student publications: 2018

We are proud to offer you a Showcase of ECS Students Work, published in 2018

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Sam Sheath: A Cross Cultural Analysis Examining Bed Sharing Practices
"My name is Samantha Sheath. I have recently completed a BA in Early Years with the University of Greenwich as a top up student, having graduated previously with an HND in Early Years in 1999. I will be graduating with a first-class honours degree. 

I have 20 years of experience working with children and families. I have two young daughters and aim to be a role-model to them showing them hard work, dedication and achievement. I currently work in a Montessori pre-school alongside a voluntary role as a breastfeeding peer supporter in my local community. I am passionate about supporting parents and developing their knowledge. I have a strong interest in social policy and neuroscience. I aim to continue my studies to complete a masters."

Zara Khan: How can sign language be implemented into mainstream schools to promote inclusion?
"My name is Zara Khan and I am 21 years old. I have a BA honours in Early Childhood Studies and I am enrolling in my PGCE in September. Studying my degree has sparked a deep interest in wanting to advocate for children, especially children with disabilities. This came from the unique opportunity I received to work in a special needs school where I started to learn sign language (I am still currently learning). I hope my teaching career will make a difference to at least one person’s life and allow them to live life to their fullest."

Liona Elliott: Analytic Commentary – Nonsense Play
Liona is a mature 2nd year student at Roehampton University. She is interested in the link between early childhood and mental health later in life. Having worked as a practitioner prior to study she is passionate about creating and developing tangible resources to help both parents and children reach their full potential.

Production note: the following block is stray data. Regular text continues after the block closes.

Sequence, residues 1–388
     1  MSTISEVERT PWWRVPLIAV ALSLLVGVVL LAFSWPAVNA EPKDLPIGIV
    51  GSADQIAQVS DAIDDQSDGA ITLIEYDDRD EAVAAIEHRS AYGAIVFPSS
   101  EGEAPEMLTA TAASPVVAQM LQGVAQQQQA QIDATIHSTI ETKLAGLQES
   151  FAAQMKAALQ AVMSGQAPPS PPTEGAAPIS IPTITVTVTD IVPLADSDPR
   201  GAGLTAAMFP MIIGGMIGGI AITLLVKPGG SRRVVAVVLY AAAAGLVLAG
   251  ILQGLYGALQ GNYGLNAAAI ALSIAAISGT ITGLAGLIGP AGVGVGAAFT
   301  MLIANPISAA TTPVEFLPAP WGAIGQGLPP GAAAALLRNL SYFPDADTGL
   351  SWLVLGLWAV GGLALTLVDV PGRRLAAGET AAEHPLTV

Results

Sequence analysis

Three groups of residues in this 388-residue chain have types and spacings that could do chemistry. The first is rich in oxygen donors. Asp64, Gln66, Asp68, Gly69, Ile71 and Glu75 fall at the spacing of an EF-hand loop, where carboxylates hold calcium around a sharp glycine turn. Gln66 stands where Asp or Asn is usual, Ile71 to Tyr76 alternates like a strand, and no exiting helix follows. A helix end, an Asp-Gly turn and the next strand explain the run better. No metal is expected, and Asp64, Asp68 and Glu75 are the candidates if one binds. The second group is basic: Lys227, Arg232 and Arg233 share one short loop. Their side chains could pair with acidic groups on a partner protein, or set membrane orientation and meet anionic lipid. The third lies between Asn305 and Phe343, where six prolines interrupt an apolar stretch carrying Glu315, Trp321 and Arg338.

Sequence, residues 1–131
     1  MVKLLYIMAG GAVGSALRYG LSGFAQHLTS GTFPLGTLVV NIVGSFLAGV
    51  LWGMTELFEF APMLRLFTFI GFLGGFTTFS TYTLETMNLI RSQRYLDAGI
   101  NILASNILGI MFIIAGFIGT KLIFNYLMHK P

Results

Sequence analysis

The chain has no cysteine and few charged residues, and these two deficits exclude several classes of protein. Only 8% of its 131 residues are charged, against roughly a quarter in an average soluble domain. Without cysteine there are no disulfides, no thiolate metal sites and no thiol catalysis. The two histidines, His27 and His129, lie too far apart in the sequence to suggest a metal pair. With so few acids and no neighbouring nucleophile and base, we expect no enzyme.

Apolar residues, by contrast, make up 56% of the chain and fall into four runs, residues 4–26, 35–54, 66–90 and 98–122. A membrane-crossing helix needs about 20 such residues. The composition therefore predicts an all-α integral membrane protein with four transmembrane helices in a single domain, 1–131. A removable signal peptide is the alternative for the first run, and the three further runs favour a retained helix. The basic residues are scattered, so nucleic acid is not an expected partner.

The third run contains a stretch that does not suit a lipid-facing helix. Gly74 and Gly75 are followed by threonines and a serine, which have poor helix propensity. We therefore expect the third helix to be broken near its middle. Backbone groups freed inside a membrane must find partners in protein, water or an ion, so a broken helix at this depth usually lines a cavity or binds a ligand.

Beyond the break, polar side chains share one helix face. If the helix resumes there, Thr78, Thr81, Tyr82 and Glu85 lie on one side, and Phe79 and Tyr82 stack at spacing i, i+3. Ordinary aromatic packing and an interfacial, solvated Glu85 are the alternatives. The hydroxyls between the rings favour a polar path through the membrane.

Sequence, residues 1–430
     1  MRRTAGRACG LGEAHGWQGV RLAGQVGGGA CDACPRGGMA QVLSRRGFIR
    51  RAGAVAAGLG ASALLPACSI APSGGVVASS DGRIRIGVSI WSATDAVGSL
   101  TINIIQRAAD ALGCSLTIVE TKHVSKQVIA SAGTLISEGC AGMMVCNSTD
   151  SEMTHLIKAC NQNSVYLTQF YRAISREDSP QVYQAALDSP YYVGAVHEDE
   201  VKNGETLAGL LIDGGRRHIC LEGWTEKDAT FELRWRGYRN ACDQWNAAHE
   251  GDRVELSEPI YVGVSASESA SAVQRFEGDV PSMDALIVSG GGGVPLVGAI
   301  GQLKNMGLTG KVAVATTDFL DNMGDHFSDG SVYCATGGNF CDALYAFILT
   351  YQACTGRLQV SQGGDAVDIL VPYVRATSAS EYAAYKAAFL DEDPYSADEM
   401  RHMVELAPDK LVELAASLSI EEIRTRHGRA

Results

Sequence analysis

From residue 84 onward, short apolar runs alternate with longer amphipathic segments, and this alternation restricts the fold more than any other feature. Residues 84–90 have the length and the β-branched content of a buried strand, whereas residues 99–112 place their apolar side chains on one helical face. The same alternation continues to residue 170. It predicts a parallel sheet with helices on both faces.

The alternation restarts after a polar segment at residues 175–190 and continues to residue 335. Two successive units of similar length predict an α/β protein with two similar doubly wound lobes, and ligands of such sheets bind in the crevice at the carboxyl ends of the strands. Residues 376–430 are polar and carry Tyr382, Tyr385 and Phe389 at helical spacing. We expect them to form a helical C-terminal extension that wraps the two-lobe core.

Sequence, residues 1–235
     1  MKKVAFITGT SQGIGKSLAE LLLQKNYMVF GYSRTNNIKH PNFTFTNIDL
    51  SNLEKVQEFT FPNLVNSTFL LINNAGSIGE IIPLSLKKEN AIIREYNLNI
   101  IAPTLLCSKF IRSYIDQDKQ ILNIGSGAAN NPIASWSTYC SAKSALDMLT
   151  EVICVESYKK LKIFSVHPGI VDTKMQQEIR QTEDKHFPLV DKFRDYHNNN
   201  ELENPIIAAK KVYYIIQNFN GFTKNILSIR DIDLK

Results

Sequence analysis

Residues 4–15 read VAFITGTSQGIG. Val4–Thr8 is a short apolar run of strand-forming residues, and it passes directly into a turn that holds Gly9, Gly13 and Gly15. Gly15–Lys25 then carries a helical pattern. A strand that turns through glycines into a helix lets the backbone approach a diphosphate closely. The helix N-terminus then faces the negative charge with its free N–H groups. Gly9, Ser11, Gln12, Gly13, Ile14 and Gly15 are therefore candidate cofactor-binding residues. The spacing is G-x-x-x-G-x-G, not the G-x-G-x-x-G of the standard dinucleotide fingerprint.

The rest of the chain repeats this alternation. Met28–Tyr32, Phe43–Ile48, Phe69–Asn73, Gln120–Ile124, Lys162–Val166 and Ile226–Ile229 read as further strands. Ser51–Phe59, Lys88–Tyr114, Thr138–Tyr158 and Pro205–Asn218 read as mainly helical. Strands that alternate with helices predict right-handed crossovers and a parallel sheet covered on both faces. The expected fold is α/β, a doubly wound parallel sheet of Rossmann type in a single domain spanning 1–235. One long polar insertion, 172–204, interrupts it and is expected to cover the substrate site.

Lydia Mountcastle: Effective Leadership in Early Childhood Settings
"I am 24 years old and have just graduated with a first class honours degree in Education Studies at Bath Spa University. Whilst studying I have been working as a respite worker for a variety of children with special educational needs where I provide support in the home and in accessing activities within the local community. I am looking forward to starting a Schools Direct course this year, where I will be training as a primary SEN teacher and intend on specialising to work with children with profound and multiple learning difficulties."

Faye Harvey: An Investigation into Children’s Transition from Reception to Year 1

Katie McKinney: Contesting Childhood Essay

Amy Stevens: Contemporary Perspective of the Outdoor Learning Area in Year One

Ingrid Miller: How are Children with Diabetes Supported in Primary Education: a Teacher/Parent Perspective

Rochelle Felix: Exploring Ghanaian Children’s Perception of Friendship
"I am 23 years old. While I was born and raised on the island of St. Lucia, I also lived in America, where I earned my Bachelor of Science (BSc) in Psychology. I then moved to England to earn my Master of Arts (MA) in Early Childhood Studies at the University of East London. Now that I have completed my MA, I am working on pursuing a PhD. I would like to be an academic, and to also create an international organisation which works with children according to their needs."

Maxime Perrott: The Features of Modern Childhood
"My name is Maxime Perrott and I am currently studying a Foundation Degree in Early Years with Bath Spa University taught at New College, Swindon. I will be continuing onto the Top-Up BA in Education Studies at Bath Spa in September. After completing my undergraduate I hope to continue onto a masters in Educational Research. I am also working as a Self-employed Nanny and dog walker in the Marlborough area, looking after a range of age groups from toddler through to teenager."

Lynne Hill: Considering the Use of Children's Books and Digital Media to Support Emerging Literacies within an Early Years Setting

Kristen Stead: The Manipulation of Play by Society is Constraining the Power of Play to Empower

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